There is no medicine for this fiscal illness that it not wretchedly distasteful and without unpleasant side effects of its own.  This cancer has spread so far that the chemo and radiation that will be required will take a serious toll on the host body even if, in the end, it manages to eradicate the disease.  And there is a frightening chance that any really viable medicine will kill the disease but at the same time, kill the patient.  That is the pitiful and pathetic and stupid place we, the people, have allowed ourselves to reach.

There was a time when, had we had people smart enough to continue to “stay the course” walking a tight rope through all of the competing interests influencing policy both domestically and foreign, when I would prefer new policies to be much nearer the minimalist ideal.  TR was perhaps my ideal in that approach; and the last of a breed.

But following first Wilson then FDR then Johnson our government had so changed into a lightly socialist balancing act, that approach grew less and less likely to work all by itself.  As I have written, liberals pine for a world that never existed and conservatives pine for a world long passed on and neither seems willing to truly face squarely the world as it is (or, to be honest, as it seems to me to be).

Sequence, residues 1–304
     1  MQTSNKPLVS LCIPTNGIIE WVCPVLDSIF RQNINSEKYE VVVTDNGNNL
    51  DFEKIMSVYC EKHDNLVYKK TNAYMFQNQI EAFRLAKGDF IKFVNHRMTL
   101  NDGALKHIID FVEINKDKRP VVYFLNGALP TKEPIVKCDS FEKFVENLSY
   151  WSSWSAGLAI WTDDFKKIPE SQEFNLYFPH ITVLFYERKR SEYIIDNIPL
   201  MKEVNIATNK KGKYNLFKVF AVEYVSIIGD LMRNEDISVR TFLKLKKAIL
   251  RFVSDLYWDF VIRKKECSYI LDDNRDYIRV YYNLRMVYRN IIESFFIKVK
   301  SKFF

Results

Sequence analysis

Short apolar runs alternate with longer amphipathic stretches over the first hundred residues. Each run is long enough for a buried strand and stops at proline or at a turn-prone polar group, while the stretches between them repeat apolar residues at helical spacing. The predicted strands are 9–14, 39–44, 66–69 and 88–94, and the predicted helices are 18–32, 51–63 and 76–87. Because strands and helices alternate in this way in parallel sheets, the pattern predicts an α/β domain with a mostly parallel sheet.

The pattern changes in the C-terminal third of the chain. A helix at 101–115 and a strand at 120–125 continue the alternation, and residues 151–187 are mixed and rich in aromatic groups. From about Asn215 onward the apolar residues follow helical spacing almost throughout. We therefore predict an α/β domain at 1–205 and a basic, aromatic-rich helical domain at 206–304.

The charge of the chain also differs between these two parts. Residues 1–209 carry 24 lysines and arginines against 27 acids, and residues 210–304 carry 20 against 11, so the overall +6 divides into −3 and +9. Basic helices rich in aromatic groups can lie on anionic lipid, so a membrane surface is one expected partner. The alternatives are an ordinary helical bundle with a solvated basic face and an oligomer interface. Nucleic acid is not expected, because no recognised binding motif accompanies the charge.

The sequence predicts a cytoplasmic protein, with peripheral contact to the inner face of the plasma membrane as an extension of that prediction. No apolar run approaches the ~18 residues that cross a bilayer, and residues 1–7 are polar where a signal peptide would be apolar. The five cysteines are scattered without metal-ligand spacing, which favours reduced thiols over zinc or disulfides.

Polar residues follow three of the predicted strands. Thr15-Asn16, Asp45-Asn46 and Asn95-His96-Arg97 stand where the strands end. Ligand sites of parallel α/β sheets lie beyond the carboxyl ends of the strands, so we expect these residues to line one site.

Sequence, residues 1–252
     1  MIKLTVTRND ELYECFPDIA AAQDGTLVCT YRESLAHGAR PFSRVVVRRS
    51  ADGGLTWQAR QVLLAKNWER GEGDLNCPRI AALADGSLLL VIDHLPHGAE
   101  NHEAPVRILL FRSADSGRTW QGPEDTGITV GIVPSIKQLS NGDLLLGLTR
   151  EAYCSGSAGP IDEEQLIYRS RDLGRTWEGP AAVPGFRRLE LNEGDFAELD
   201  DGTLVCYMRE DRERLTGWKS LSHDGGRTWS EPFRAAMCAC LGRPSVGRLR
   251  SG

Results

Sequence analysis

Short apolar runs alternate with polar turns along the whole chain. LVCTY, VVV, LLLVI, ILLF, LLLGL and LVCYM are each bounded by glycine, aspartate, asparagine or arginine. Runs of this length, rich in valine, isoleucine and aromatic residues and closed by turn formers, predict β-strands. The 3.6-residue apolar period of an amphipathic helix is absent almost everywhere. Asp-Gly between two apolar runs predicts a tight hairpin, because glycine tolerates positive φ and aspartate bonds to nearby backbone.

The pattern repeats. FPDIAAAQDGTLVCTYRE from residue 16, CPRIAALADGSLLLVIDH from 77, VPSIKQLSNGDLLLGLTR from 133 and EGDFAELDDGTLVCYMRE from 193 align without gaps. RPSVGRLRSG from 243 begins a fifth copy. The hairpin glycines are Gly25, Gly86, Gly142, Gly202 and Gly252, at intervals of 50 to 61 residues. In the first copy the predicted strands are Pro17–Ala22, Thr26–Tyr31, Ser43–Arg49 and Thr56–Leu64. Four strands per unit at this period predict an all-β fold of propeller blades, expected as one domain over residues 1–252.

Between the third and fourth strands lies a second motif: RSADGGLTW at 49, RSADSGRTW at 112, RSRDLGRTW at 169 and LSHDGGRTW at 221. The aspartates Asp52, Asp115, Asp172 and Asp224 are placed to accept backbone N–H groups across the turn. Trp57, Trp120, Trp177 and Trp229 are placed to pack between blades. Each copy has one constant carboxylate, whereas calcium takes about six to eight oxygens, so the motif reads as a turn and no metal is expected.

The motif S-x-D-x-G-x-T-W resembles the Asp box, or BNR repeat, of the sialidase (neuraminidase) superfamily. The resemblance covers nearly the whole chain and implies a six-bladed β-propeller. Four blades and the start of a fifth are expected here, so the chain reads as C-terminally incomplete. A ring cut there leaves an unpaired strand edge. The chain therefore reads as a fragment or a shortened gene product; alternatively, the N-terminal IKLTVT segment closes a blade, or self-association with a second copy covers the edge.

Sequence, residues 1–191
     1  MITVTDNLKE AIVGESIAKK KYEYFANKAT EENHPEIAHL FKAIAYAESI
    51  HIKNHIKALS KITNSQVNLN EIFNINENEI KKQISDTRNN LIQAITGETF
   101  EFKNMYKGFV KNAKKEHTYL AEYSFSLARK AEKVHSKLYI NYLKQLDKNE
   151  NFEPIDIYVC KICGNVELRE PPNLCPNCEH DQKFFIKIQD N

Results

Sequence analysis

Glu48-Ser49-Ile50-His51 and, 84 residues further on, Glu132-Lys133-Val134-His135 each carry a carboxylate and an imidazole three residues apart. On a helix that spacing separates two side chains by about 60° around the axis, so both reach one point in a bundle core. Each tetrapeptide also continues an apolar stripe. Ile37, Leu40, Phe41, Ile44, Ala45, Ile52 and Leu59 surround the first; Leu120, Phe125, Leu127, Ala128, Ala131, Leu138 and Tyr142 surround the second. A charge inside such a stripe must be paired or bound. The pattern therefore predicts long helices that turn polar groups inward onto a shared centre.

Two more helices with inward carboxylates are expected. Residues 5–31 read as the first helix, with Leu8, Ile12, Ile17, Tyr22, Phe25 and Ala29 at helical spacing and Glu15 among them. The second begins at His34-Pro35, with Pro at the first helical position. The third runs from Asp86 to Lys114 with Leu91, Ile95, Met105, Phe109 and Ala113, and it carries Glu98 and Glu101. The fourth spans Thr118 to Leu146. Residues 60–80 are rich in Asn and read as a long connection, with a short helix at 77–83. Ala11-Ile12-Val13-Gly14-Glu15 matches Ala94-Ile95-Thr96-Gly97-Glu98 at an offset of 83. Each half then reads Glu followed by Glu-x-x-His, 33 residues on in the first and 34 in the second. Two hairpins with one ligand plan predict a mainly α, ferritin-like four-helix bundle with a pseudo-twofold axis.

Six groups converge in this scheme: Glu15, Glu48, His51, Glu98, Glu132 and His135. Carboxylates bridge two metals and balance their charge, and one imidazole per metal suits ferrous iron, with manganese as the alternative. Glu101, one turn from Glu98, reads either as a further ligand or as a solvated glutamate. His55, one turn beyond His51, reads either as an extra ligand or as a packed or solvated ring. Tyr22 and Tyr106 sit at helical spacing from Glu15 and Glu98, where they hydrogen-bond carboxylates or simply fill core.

One item of critical need not even directly mentioned in the Constitution is education.  If Justice Brandeis could fabricate a “right of privacy” out of whole cloth from issues of general welfare, then I think it a much smaller leap to construe the government’s interest in education though it is not specifically mentioned in the Constitution either.  With the availability of low tech unskilled jobs evaporating as we watch, the future of this country’s prosperity lies directly in the lap of education.

And no, I do not believe in free education as a right; I see it as a responsibility of each citizen.  But I do believe that in a country where the federal government has essentially usurped form the states the right to oversee education, then it brings upon itself the responsibility to make sure that the education available for the citizens, at least from those institutions it supports and aids, is absolutely top drawer and aimed at preparing students for the world as we see it evolving.